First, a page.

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Sonoma League for Historic Preservation honors seven projects

Two Palms Estate at 131 Fourth St. E. is one of seven projects the Sonoma League for Historic Preservation honored.

Two Palms Estate at 131 Fourth St. E. is one of seven projects the Sonoma League for Historic Preservation honored.

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Seven properties were honored Nov. 20, by the Sonoma League for Historic Preservation at its annual awards meeting.

Andrews Hall at the Sonoma Community Center, the Holloway property and the Stone Barn at Glen Oaks Ranch received awards of merit while Two Palms Estate, the Quiet Little House, the Bohar Residence and the Fat Pilgrim received awards of excellence.

• The Stone Barn at Glen Oaks Ranch: The Sonoma Land Trust, Degenkoib Engineers and Treeline Construction were honored for preserving a historic 1859 stone barn at 13255 Sonoma Highway in Glen Ellen.

The ranch was once part of the El Rancho Agua Caliente, a land grant that was issued to Gen. Marino Vallejo in 1839. After a series of owners, Col. Charles and Ellen Stuart purchased it in 1859. Stuart built a stone house, stone smoke house and stone barn using local stone and Chinese labor. Stuart called the Ranch Glen Ellen.

Later the village of Glen Ellen used the name for the Post Office and in order to avoid confusion Stuart renamed the ranch Glen Oaks.

The stone barn is a two-story gabled-roofed building constructed in 1859. It was whitewashed before 1952 and is now painted white.

From 1896, the Ranch changed hands four times until 1952 when Roswell and Camille Cochran purchased the ranch. When Roswell and Camille died, their daughter, Joan Cochran, inherited the ranch and continued to maintain all buildings. The Stone Barn was painted white to avoid having to white wash the building every three years.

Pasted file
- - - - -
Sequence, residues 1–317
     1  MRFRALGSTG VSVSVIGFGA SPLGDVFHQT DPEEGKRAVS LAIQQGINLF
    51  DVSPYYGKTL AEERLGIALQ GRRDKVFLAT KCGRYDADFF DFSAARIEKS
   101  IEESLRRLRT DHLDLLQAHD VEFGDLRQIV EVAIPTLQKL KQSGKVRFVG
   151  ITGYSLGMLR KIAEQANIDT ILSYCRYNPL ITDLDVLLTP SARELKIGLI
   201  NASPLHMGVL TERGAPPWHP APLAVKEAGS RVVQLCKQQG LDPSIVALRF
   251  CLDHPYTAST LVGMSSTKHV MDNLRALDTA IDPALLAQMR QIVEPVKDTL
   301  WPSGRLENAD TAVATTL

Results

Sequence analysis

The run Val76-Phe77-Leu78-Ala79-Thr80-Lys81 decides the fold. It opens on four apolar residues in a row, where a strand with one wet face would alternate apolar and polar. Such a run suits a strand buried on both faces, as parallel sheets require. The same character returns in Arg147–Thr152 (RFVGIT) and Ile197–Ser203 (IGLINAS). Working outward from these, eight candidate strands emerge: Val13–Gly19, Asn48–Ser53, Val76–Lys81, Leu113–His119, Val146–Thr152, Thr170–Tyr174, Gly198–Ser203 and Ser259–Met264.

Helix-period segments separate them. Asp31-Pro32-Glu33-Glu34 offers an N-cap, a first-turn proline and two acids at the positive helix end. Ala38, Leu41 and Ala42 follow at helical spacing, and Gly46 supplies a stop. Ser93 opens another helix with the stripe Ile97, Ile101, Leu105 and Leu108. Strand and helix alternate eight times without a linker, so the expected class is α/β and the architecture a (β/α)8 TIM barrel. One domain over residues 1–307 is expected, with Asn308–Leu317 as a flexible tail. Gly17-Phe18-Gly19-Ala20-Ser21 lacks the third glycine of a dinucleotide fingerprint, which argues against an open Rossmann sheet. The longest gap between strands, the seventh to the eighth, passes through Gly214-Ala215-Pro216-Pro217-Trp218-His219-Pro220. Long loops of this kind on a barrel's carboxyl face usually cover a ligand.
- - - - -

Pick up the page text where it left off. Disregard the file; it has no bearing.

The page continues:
In 1994, Glen Oaks Ranch was officially accepted to the National Registry of Historic Places.

In 2001, Joan granted three easements over the property. When Joan died in 2002, she left the land to the Sonoma Land Trust which has since preserved the property.

In 2010, an anonymous donor offered to provide half of the cost of completing all work required for the stone barn, and the Land Trust committed to raising the balance of the funds. Degenkolb Engineers drafted the construction plans by the end of that same year. Treeline Construction worked closely with the Trust and Degenkolb to refine plan details over the next year while permits were being secured, and they provided key solutions to safeguard the integrity of the structure during construction. Treeline completed construction between June and December 2012.

Work on the barn included seismic reinforcing and rehabilitation installing a new shake roof; adding new rafters; replacing rotted gable end siding; installing a reinforced concrete beam at the top of the stone walls; anchoring the roof to the new beam; drilling and installing stainless steel rods every three feet throughout all walls to connect the two rock layers; replacing rotted joists and flooring; repointing cracks and fallen stones; and repairing doors and window shutters.

• The Fat Pilgrim, 20820 Broadway: Craig Miller was honored for a major reconstruction and preservation of a commercial building.

The 1.3-acre property was birthed in the early ’40s and by 1952, it was the Jackpot Gas Station, with the proprietors living in the very simple structure to the south of the gas station. Not much is known about those times or the family history but when Craig Miller purchased the property in 2010, its past was worn clearly on its face.

All of the buildings were in disrepair. Miller, a true aficionado of historic and vintage structures, took on the daunting task of renovation and restoring the buildings to usable and quaint condition, by repurposing, reusing or recycling materials from one derelict building to upgrade his retail shop or the buildings on either side.